The relationship between galaxy and dark matter halo size from z ∼ 3 to the present

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We explore empirical constraints on the statistical relationship between the radial size of galaxies and the radius of their host dark matter haloes from z similar to 0.1-3 using the Galaxy And Mass Assembly (GAMA) and Cosmic Assembly Near Infrared Deep Extragalactic Legacy Survey (CANDELS) surveys. We map dark matter halo mass to galaxy stellar mass using relationships from abundance matching, applied to the Bolshoi-Planck dissipationless N-body simulation. We define SRHR equivalent to r(e)/R-h as the ratio of galaxy radius to halo virial radius, and SRHR lambda equivalent to r(e)/(lambda R-h) as the ratio of galaxy radius to halo spin parameter times halo radius. At z similar to 0.1, we find an average value of SRHR similar or equal to 0.018 and SRHR. similar or equal to 0.5 with very little dependence on stellar mass. Stellar radius-halo radius (SRHR) and SRHR lambda have a weak dependence on cosmic time since z similar to 3. SRHR shows a mild decrease over cosmic time for low-mass galaxies, but increases slightly or does not evolve formoremassive galaxies. We find hints that at high redshift (z similar to 2-3), SRHR. is lower for more massive galaxies, while it shows no significant dependence on stellar mass at z less than or similar to 0.5. We find that for both the GAMA and CANDELS samples, at all redshifts from z similar to 0.1-3, the observed conditional size distribution in stellar mass bins is remarkably similar to the conditional distribution of lambda R-h. We discuss the physical interpretation and implications of these results.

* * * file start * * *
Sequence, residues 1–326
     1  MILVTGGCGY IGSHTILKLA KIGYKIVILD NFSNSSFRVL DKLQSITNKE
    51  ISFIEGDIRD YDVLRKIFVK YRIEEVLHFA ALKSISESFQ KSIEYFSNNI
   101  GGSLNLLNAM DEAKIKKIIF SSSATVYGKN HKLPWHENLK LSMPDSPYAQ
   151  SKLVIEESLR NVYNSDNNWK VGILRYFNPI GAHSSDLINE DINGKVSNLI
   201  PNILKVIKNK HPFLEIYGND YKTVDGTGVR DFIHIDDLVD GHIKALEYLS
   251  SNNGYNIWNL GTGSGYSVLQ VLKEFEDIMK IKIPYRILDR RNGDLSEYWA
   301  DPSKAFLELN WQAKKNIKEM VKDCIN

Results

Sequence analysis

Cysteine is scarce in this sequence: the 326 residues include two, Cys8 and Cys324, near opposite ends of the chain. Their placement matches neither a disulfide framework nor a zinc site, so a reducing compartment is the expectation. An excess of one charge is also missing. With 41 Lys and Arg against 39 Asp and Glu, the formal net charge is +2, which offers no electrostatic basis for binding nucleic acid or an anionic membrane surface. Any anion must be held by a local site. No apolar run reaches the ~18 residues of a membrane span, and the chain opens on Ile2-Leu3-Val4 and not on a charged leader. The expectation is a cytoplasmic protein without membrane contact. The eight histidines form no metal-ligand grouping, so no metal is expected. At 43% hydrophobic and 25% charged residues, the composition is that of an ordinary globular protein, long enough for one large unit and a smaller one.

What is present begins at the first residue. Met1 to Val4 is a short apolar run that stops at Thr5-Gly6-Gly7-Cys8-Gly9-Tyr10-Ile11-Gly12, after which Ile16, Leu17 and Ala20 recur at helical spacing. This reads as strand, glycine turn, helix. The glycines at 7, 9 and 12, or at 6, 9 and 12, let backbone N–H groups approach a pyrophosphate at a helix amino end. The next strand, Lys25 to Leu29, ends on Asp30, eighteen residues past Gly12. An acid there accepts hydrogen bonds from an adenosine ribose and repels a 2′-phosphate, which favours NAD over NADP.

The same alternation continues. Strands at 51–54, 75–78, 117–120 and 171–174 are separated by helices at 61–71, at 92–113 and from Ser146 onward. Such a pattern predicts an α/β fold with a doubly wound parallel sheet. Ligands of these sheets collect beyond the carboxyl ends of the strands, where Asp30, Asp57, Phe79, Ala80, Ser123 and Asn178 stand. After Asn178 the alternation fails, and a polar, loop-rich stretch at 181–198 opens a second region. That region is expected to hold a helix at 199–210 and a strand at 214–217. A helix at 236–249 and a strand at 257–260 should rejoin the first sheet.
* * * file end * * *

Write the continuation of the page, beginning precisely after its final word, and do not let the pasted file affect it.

© 2017 The Authors Published by Oxford University Press on behalf of the Royal Astronomical Society. Artículo firmado por 13 autores. We thank Seong-Kook Lee for helpful comments on the manuscript, and we thank Aldo Rodríguez Puebla and Andrey Kravtsov for useful discussions. We thank Kuang-Han Huang for providing his data in electronic format and for helpful discussions. We thank the anonymous referee for comments and suggestions that improved the paper. We acknowledge the Kavli Institute for Theoretical Physics at the University of Santa Barbara, where part of this work was performed. This research was supported in part by the National Science Foundation under Grant No. NSF PHY-1125915. RSS thanks the Downsbrough family for their generous support, and acknowledges support from the Simons Foundation through a Simons Investigator grant. PB was supported by program number HST-HF2-51353.001-A, provided by NASA through a Hubble Fellowship grant from the Space Telescope Science Institute, which is operated by the Association of Universities for Research in Astronomy, Incorporated, under NASA contract NAS5-26555. PGP-G acknowledges support from Spanish MINECO Grants AYA2015-63650-P and AYA2015-70815-ERC. We acknowledge the contributions of hundreds of individuals to the planning and support of the CANDELS observations, and to the development and installation of new instruments on HST, without which this work would not have been possible. Support for HST Programs GO-12060 and GO-12099 was provided by NASA through grants from the Space Telescope Science Institute, which is operated by the Association of Universities for Research in Astronomy, Inc., under NASA contract NAS5-26555.
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